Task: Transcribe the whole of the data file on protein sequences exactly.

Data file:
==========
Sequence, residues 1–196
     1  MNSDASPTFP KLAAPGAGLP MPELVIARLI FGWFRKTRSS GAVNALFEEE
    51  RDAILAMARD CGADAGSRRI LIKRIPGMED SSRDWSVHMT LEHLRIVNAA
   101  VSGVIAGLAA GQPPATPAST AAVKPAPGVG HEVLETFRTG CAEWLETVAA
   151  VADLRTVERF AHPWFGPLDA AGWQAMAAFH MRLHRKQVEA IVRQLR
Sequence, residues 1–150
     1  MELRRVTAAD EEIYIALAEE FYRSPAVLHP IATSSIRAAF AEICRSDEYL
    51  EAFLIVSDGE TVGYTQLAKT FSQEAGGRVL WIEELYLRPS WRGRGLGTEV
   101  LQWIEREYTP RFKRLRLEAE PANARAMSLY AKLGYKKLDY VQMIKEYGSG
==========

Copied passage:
Sequence, residues 1–196
     1  MNSDASPTFP KLAAPGAGLP MPELVIARLI FGWFRKTRSS GAVNALFEEE
    51  RDAILAMARD CGADAGSRRI LIKRIPGMED SSRDWSVHMT LEHLRIVNAA
   101  VSGVIAGLAA GQPPATPAST AAVKPAPGVG HEVLETFRTG CAEWLETVAA
   151  VADLRTVERF AHPWFGPLDA AGWQAMAAFH MRLHRKQVEA IVRQLR
Sequence, residues 1–150
     1  MELRRVTAAD EEIYIALAEE FYRSPAVLHP IATSSIRAAF AEICRSDEYL
    51  EAFLIVSDGE TVGYTQLAKT FSQEAGGRVL WIEELYLRPS WRGRGLGTEV
   101  LQWIEREYTP RFKRLRLEAE PANARAMSLY AKLGYKKLDY VQMIKEYGSG